Steiner: French Law
Official online legal information systems
The most widely used official online legal information system available in France is Legifrance at http://www.legifrance.gouv.fr. This is a free database which was created by a government Décret no. 2002–1064 of 7 August 2002. It stores a wide range of legislative material including lois, décrets, arrêtés published in the Journal Officiel since 1990 as well as the full text of each code (some of them fully translated into English and Spanish).
Case law database includes:
(i) Court of Cassation decisions published in the Bulletin since 1960.
(ii) Conseil d’État decisions reported in the Recueil Lebon since 1967.
(iii) A selection of lower courts decisions (including administrative courts of appeal decisions since 1989 and lower administrative courts decisions since 1965).
(iv) Decisions given by the Conseil Constitutionnel since its creation in 1958. In addition Legifrance provides links with European and international sources (treatises, directives, case law).
Apart from Legifrance, the main official databases for case law are those of the three highest courts in France:
Whilst the website for the Conseil Constitutionnel gives all decisions since 1958, the year in which the Conseil was set up, the other two are less exhaustive, giving only a selection of leading cases in a given year.
More generally, it is worth looking at the French Ministry of Justice website, which is a well-designed site, with good graphics. Apart from providing inside information on the French legal system and details on current law reform, it also provides direct links to the other main official French legal websites and has, therefore, become a very convenient point of entry for accessing legal material. See http://www.justice.gouv.fr.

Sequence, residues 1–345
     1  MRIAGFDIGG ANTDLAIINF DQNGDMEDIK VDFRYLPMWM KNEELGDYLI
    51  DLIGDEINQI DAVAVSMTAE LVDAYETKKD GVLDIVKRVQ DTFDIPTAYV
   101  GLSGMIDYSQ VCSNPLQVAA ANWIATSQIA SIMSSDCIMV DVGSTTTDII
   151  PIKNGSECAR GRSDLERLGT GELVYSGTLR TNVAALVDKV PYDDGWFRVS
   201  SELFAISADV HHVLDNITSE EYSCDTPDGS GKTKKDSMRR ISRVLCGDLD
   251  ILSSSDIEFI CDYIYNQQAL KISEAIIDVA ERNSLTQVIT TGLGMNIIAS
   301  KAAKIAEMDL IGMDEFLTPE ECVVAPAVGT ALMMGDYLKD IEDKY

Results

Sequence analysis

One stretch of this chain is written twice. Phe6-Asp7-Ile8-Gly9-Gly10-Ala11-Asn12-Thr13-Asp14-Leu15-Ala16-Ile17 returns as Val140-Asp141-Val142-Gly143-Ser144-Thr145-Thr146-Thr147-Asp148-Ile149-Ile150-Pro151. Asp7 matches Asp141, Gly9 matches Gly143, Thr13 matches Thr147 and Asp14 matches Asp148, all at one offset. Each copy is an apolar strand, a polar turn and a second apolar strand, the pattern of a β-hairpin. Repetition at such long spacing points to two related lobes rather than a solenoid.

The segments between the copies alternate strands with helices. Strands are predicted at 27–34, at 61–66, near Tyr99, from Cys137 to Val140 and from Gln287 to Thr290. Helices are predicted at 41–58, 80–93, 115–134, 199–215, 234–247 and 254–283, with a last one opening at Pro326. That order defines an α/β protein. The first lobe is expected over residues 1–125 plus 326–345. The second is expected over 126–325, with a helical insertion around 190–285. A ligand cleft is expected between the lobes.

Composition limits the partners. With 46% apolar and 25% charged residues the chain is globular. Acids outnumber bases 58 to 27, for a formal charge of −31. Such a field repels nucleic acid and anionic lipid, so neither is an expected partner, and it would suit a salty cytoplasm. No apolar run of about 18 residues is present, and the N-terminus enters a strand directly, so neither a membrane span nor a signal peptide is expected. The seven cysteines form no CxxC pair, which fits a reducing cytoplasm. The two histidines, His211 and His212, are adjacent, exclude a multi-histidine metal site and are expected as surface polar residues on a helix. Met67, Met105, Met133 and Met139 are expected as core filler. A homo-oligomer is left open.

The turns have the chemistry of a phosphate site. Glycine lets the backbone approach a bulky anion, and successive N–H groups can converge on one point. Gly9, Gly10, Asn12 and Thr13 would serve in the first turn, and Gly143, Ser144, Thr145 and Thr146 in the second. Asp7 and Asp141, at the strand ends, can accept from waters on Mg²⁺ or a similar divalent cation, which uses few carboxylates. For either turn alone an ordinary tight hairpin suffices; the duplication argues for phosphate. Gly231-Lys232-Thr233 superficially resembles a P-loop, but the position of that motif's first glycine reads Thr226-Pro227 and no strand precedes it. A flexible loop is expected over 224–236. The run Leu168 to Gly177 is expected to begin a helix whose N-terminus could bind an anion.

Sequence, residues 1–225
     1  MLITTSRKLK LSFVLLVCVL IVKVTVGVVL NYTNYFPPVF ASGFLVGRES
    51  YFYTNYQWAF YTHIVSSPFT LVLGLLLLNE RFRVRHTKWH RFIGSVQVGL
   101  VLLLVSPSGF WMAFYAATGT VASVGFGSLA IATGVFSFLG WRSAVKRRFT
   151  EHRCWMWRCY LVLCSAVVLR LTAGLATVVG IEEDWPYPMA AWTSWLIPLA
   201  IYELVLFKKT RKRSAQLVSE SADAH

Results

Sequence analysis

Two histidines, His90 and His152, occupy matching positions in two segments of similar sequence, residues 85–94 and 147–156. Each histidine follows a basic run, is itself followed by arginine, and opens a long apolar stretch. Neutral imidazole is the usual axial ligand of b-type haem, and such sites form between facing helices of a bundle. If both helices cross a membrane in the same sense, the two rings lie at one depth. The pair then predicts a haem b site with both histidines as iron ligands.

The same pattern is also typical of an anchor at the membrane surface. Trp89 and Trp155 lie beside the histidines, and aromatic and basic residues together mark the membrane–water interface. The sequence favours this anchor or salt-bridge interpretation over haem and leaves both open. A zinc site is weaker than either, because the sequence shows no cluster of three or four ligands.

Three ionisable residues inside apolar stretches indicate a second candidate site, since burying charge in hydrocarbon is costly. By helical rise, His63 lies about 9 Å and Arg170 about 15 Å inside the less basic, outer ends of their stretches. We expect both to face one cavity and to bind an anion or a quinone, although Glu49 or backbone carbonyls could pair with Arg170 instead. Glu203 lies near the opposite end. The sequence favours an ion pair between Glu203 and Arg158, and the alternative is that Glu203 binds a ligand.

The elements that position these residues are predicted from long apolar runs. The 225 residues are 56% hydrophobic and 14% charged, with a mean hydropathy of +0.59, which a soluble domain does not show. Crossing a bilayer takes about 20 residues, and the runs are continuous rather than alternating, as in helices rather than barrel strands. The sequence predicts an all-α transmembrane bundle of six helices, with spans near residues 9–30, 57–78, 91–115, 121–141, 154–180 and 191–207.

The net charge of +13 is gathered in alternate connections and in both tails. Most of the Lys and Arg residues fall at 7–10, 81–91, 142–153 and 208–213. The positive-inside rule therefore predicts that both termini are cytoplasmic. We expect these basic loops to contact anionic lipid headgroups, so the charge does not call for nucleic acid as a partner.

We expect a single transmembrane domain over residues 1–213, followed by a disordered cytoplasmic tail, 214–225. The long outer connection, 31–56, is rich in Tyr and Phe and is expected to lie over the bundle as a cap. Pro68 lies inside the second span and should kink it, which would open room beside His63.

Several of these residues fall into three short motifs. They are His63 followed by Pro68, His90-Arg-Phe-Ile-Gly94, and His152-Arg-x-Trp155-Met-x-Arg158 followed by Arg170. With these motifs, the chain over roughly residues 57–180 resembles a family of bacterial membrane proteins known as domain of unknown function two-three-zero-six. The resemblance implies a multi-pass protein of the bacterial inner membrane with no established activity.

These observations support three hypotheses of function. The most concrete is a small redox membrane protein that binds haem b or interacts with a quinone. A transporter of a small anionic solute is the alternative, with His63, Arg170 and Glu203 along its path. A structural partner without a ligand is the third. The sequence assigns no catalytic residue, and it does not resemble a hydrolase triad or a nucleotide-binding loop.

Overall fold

The most popular fee-based service providers are:
LexisNexis, http://www.lexisnexis.fr, also accessible through http://www.juris-classeur.com, which gives access to approximately 1,200,000 decisions, a large number of them being stored in the well-known and widely used database Juris-Data. Juris-Data was created in 1971 by Editions Techniques, today known as Juris-classeur-Lexis Nexis (publisher of the lawjournal Semaine Juridique) and is a unique source of unreported court ofappeal decisions. Search technique is by way of key words or phrases (BAIL), legal concepts (ERREUR SUR LA SUBSTANCE), code or statute provisions (ARTICLE 1 LOI 5 JUILLET 1985), date of the case (17–9-2000), name of the parties (JAND’HEUR), name of the court (CASSATION) or Juris-Data case number (no. 024 055). The database does not rely on full-text research,but rather on abstrats (abstracts) and summaries. However, decisions in full-text format can also be found on the site.
Lamylinereflex, http://www.lamylinereflex.fr, is a database of legislation and case law similar to LexisNexis published by Lamy, publishers to professionals.